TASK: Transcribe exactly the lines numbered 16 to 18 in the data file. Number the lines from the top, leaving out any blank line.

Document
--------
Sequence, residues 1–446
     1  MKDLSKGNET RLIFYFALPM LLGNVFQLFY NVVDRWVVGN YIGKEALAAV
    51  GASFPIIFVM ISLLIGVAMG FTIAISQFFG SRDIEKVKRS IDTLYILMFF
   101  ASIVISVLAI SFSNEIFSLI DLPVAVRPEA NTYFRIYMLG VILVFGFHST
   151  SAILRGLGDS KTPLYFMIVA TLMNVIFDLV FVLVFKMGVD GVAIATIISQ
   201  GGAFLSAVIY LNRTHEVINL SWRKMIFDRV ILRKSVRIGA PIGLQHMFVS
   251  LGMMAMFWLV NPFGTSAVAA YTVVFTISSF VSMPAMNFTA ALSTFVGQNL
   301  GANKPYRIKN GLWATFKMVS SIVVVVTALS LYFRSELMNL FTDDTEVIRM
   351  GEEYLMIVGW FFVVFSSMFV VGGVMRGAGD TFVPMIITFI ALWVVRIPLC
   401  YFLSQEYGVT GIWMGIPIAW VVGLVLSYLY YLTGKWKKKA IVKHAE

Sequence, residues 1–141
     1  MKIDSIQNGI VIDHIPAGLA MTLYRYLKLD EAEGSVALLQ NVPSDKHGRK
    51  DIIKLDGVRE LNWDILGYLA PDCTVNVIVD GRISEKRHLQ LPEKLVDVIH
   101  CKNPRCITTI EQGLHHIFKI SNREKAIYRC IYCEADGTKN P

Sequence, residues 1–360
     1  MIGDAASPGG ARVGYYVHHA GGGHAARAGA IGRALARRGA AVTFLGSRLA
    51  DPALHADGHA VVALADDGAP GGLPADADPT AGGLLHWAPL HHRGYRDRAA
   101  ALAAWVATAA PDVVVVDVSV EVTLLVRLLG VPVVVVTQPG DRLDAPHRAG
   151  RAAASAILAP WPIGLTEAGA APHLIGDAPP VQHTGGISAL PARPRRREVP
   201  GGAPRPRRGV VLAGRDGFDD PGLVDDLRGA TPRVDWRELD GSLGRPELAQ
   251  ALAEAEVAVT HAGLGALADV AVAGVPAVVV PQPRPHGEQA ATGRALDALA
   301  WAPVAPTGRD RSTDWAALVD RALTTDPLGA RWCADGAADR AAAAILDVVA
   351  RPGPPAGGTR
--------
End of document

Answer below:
     1  MIGDAASPGG ARVGYYVHHA GGGHAARAGA IGRALARRGA AVTFLGSRLA
    51  DPALHADGHA VVALADDGAP GGLPADADPT AGGLLHWAPL HHRGYRDRAA
   101  ALAAWVATAA PDVVVVDVSV EVTLLVRLLG VPVVVVTQPG DRLDAPHRAG